The Guidelines do not cover in detail fishing gear and products made from oxo-degradable plastic. As regards the latter, Article 5 of the Directive bans all oxo-degradable plastic products, single-use or not, and it makes no distinction between oxo-degradable plastic that is biodegradable and oxo-degradable plastic that is not biodegradable.
The European Commission is not neutral here.
Novamont and BASF have directly and indirectly been the instigators of the “anti-OXO campaign” and have been very successful. They managed to include European Commission public officials on the anti-OXO band wagon.
Banning substances like OXO (bio)degradable plastics or additives should “technically-speaking” happen through a procedure set up by the REACH directive. The EU SUP directive should ban “objects”, the REACH directive should ban “substances”.
The European Commission also shows negligence when throwing OXO degradable and OXO biodegradable on the same heap.
OXO refers to “oxygen” or “oxidation”. A molecule or atom looses electrons because of the presence of oxygen or other oxidising agents.
Bio-degradation refers to degradation through a biological process (bacterial digestion for instance).
Almost everything degrades under influence of oxygen and biological process… even plastics that has not been developed to intentionally degrade and biodegrade.
The European Commission is overlooking the fact that PBAT is also added to most biodegradable plastics and would also fall under “biodegradable” additives.
This is a political decision driven by perceived economic interest.
2.1.3 Natural polymers that have not been chemically modified
“Plastics manufactured with modified natural polymers, or plastics manufactured from biobased, fossil or synthetic starting substances are not naturally occurring and should therefore be addressed by this Directive. The adapted definition of plastics should therefore cover polymer-based rubber items and bio-based and biodegradable plastics regardless of whether they are derived from biomass or are intended to biodegrade over time” [Emphasis added]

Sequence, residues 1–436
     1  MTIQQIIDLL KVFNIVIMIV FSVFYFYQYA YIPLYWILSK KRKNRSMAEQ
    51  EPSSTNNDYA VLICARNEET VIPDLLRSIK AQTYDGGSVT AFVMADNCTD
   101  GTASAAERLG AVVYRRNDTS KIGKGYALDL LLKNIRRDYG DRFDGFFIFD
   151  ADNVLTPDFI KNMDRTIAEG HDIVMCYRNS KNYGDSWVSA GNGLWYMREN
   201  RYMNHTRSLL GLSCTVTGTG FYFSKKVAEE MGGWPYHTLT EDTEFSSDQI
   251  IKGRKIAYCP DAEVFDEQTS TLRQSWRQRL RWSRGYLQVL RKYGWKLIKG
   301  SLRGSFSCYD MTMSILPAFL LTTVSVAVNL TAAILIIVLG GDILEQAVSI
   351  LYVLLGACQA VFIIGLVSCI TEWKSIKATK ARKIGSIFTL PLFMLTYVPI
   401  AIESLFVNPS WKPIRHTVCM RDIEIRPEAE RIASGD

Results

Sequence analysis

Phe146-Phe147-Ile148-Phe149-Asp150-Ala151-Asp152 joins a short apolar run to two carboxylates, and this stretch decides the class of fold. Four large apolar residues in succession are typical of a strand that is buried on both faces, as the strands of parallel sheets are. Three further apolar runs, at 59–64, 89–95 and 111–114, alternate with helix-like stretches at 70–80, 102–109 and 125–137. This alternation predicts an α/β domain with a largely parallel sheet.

The European Commission is right here.
Some people tried to define bioplastics as something else than “plastics” for two reasons:
- plastics has a bad reputation in the eyes of the public (marketing reason)
- an attempt to exempt bioplastics from the EU SUP directive (legal reason)
Plastics is very sustainable compared to other packaging materials. Many people perceive plastics as an environmental hazard. This is a good example of perception vs reality.
The problem is not the plastic material; the problem is how (plastic) waste is dealt with.
Therefore, polymers resulting from biosynthesis through man-made cultivation and fermentation processes in industrial settings, e.g. polyhydroxyalkanoates (PHA), are not considered natural polymers as not being the result of a polymerisation process that has taken place in nature. In general, if a polymer is obtained from an industrial process and the same type of polymer happens to exist in nature, the manufactured polymer does not qualify as a natural polymer.
The European Commission is right.
The industrial process to produce PHA is not a natural process although PHA may be made through a natural bacterial process.
In the case of PHA production, the bacteria are placed under “stress” and are then “bursted”… not really a natural process.
Paper-based cups with bio-based or biodegradable plastic lining or coating sold in retail and wholesale stores. Included in the scope of the EU SUP directive
The European Commission is right here in the sense that they remain consistent with their beliefs.